Also known as the Great Realm, and while infinities are practically common throughout the planes, with travellers speaking glibly of the bottomless chasm of the Inferno or the infinitely hot fires of the Fire Plane, the sheer size of the Astral Realm is… beyond. The gulfs between stars and the slow march of all time from the foundation of the worlds to their inevitable ends are as nothing compared to the eternal vastness of the Astral Plane.

The Astral Plane is a void; sometimes shimmering white, sometimes coruscating purple, sometimes a shifting color that has no name in the tongues of elf or man. It contains more demi-planes, pocket realms and portals than any other plane. The rest of the planes – all that exist, save the Far Realm – float amid the Great Realm and thus the Astral Plane is coterminous with all others. It also serves as the great highway of the planes, and travellers of all sorts are common.

Getting there... and BackEdit

Almost every travel spell may be used to access the Astral Plane. There exist spells such as astral projection which are specifically designed to bring travellers to the Astral Plane.

The Astral Plane never mingles with other planes under normal circumstances, although magical accidents can bring about temporary vortices. Such incidents are quickly repaired. Natural portals to the Astral Plane are rare, and usually occur where the fabric of reality has worn thin or large numbers of entities have used planar travel spells. There are an infinite number of natural portals leading from the Great Realm to other planes. These are known as color pools. They form and dissolve randomly as storms run across the Astral Plane.

Survival on the Astral PlaneEdit

Survival is relatively easy on the Astral Plane – the realm is timeless, so characters need not eat, drink, breathe or even sleep if they do not want to. Decay, illness, even the onset of poison is halted on the Astral Plane. Dying here takes effort. That is not always a blessing. The Astral Plane is almost completely empty. Matter consists only of a few rare islands of stone. While the subjective gravity of the plane allows travellers to ‘fly’ at great speed, the astral gulfs are much, much too large for a character to get anywhere by controlled falling alone.

Magic such as teleport or an accurate plane shift is practically a requirement for survival. Unprepared travellers who enter the Astral Plane can find themselves in the middle of an infinite nowhere. Neither starvation nor age will take them, so they must wait for an eternity unless they have some means of calling for aid (or killing themselves). Travellers using astral projection have another problem to deal with – the silver cord that links the projected form to the traveller’s real body. If the cord is cut, the character is slain.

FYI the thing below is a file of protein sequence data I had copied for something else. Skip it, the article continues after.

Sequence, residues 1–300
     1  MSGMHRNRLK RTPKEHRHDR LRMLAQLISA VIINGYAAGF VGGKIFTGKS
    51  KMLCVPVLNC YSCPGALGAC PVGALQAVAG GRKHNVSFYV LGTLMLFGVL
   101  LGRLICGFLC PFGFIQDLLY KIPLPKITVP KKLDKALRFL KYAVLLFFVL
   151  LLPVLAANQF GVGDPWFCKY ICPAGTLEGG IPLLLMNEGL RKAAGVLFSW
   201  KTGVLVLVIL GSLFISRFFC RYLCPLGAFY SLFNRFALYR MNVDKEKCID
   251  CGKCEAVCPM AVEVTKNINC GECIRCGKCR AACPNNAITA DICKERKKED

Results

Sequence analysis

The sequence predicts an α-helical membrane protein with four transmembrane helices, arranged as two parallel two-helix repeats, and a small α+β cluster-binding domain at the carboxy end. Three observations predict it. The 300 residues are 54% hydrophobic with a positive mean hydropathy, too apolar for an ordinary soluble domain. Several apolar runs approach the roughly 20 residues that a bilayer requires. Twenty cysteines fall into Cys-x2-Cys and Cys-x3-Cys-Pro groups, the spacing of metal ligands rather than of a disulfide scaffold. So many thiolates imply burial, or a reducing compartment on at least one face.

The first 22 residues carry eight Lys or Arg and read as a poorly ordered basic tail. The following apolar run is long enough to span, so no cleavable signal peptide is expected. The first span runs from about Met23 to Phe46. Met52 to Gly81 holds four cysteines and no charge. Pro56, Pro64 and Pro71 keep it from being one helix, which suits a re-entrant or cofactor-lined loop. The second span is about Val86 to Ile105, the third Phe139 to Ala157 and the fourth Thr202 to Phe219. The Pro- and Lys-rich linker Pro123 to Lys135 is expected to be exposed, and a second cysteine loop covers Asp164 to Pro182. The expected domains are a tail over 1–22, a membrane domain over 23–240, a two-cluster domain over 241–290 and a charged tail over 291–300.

Features & PropertiesEdit

Trait Intensity Feature
Gravity 0 Normal (Subjective)
Time -9 Timeless Flow
Size 20 Infinite
Morphic 5 Alterable
Life 10 Normal
Weather 10 Normal
Water/Fire 10 Balanced
Earth/Air 10 Balanced
Unholy/Holy 10 Balanced
Good/Evil 0 Mildly Neutral
Law/Chaos 0 Mildly Neutral
Arcane 0 Normal (Quirk: all spells are quickened)
Divine 0 Normal (Quirk: all spells are quickened)
Green 0 Normal (Quirk: all spells are quickened)
Accessibility 13 Through magic
... to All 7 Coterminous

The dominant feature of the Astral Plane is its sheer emptiness. A traveller can fall for weeks and see nothing but the endless shifting fractal patterns of the plane. The only creatures commonly encountered are Astral Parasites, minor vermin attracted to conscious minds.

Natural PortalsEdit

Portals to random planes manifest in the wake of astral storms, starcs, and psychic or arcane novas. These portals respond to conscious thought – by concentrating, a character within range of a portal (range equals the character’s Charisma score x 10 feet) can cause the portal to become translucent and allow astral characters to see the other plane, or make the portal open or close. If two characters try to control a portal at the same time, use an opposed Concentration check to determine who wins. If a portal is open, an astral character can step through onto the destination plane. The portal is normally one-way – a character can only go from the Astral to the other plane. However, for 1d4 rounds after a character has stepped from the portal, the portal can be used to reach the Astral Plane. The portal is invisible from the far side.


Erratics are the free-floating chunks of matter that dot the Astral Plane. Most are lumps of stone which have been sheared away from the Plane of Earth or a decaying demiplane, but there are pockets of empty air, globes of water or spheres of eternal flame drifting through the Astral Plane. Most solid erratics are inhabited by the various denizens of the Great Realm, while watery or fiery erratics are tapped to refuel and resupply astral barges going on voyages to planes with a normal Time trait.


An aethervane weighs at least 1,000 lb., and costs 2,000 gp. It is a non-magical contraption, created using the Craft (aethervane) skill. The aethervane is operated using the Profession (aetherist) skill (a character can use the Spellcraft skill instead, but all DCs are increased by +5). The following actions can be performed using an aethervane:

Detect Nearest Portal (DC 12): The aethervane detects the nearest portal (which will usually be 1d100 x 1d100 miles away).

Plot Portals (DC 15): The aethervane detects all active portals within 100,000 miles.

Plot Course (DC 10): The aethervane operator can plot a course to a specific portal to guide a barge or teleport spell.